For the past few months, our young composers have been learning, building and honing skills of creativity. As a teacher of young minds, it has been interesting to see who has jumped on the creation bandwagon and who, for reasons unknown, are afraid of hearing their own voice.
As I watched Martha Hill Duncan explain her composing process, I am reminded of the effort and contemplation that goes into the making of a composition. I once heard a colleague state that a students could just sit at the piano for a minute or two and make something up that could be entered into a composing competition. The process was easy and took just an instant. The questions was, "Why should we offer the composer as much as the performer?"
Our society is very focused on the end product. Phrases such as, "What is the bottomline?" or "What is the end product?" seem to focus not on the process but the final offering. With such an emphasis on what happens in the end, we bypass the most important and critical thing. What is happening in the process? What is being learned during the moments of contemplation, evaluation and construction? In short, the means should be as important as the end.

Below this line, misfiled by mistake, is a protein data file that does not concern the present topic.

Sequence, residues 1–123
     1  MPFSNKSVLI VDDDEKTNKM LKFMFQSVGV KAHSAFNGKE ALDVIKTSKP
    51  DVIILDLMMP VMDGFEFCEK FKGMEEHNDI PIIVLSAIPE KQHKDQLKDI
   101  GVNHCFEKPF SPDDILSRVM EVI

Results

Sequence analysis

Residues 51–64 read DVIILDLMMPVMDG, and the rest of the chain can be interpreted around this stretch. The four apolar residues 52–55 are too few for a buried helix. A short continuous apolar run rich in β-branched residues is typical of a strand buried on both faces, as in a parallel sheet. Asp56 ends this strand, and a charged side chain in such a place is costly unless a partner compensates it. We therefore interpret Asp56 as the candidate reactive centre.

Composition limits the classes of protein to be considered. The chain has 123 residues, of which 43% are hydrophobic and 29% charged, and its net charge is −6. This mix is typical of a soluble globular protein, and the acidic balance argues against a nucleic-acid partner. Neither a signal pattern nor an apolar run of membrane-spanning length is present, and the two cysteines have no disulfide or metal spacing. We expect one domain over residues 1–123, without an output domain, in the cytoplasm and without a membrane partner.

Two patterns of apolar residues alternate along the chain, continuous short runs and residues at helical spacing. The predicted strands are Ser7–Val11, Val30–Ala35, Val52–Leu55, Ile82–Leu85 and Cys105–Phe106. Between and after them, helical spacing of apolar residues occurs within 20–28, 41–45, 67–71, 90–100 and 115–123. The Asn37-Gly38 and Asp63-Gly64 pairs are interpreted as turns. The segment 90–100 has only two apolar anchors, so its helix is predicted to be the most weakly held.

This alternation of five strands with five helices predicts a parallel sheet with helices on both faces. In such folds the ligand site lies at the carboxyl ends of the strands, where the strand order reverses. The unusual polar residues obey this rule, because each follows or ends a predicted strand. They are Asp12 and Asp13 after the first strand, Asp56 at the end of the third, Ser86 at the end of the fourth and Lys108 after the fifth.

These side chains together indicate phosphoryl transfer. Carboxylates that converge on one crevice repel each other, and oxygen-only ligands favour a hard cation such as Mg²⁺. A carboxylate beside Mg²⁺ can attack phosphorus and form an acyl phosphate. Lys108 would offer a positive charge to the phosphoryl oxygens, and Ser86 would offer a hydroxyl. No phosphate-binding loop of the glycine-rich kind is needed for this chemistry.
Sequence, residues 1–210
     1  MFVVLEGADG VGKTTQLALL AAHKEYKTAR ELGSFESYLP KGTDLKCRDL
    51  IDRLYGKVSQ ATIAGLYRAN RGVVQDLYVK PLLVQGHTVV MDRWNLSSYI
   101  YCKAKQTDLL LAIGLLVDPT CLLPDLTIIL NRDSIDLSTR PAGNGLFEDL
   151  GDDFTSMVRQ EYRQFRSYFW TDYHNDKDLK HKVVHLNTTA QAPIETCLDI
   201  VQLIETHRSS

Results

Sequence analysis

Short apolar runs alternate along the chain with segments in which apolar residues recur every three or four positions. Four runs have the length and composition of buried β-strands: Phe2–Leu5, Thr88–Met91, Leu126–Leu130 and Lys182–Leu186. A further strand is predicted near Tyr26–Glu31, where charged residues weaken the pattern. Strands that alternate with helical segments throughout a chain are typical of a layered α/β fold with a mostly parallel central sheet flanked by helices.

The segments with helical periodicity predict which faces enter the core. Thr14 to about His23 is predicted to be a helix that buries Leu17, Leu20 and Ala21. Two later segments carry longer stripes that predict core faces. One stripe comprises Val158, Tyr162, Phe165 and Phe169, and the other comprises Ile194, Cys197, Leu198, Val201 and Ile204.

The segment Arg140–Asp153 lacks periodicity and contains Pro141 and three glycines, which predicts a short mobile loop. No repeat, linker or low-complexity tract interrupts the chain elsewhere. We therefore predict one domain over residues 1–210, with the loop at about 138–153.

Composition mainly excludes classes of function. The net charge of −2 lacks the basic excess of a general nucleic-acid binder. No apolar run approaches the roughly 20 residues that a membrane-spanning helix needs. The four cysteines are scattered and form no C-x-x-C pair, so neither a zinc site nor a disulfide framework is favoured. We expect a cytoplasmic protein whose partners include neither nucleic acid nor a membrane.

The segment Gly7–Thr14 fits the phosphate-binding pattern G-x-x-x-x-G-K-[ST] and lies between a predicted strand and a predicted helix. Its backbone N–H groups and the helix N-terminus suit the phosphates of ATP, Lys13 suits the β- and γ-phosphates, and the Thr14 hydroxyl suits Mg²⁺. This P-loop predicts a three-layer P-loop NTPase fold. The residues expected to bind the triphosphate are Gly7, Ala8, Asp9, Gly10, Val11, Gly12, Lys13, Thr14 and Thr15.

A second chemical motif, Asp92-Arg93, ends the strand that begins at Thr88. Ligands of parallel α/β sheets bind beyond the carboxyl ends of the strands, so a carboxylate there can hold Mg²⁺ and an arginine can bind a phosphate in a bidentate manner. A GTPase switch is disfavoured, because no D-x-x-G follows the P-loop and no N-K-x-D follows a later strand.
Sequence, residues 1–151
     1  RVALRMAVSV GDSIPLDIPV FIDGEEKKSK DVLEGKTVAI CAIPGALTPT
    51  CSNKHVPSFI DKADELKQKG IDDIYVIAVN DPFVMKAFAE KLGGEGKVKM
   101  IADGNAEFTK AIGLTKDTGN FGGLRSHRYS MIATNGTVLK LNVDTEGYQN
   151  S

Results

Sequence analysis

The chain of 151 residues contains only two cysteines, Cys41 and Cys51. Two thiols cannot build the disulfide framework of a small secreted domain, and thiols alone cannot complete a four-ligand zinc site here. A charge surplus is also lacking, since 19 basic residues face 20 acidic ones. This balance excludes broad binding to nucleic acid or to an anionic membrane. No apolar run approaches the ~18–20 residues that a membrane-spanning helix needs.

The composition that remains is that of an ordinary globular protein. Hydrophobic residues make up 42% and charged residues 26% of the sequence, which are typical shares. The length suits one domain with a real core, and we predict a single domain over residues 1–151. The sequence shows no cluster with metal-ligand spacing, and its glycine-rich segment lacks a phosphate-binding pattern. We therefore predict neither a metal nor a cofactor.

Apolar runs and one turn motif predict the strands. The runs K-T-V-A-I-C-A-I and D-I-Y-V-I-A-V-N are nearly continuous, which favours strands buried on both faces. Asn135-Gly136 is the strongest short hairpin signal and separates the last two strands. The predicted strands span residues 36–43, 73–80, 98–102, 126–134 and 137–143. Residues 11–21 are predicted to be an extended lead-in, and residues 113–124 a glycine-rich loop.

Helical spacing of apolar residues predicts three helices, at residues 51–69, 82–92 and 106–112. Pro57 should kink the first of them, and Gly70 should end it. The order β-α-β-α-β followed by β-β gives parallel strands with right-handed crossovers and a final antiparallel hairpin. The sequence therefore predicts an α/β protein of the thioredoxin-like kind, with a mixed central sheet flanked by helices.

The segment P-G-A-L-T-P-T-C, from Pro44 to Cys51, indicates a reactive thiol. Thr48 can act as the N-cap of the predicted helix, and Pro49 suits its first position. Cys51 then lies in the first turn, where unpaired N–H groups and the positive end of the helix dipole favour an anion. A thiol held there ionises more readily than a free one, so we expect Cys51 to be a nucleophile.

Students this month will be asked to dig a little deeper into their storehouse of memories and thoughts. They will be asked to write a piece that adds words to music. What are we grateful for? How can I portray my feelings? How can I share these thoughts through music?
Watching Martha's video instruction brought to mind all the "finding" composers do; finding a meter, finding a melody, finding just the right harmony. Then, when all is perfectly in order, trying to find a performer for those of us who can't sing.
Yes, this is the month for giving thanks. Thank you to all who have jumped on this project and are sharing the joy of composition with students, family and friends. In this case of composing, the means truly justify the end.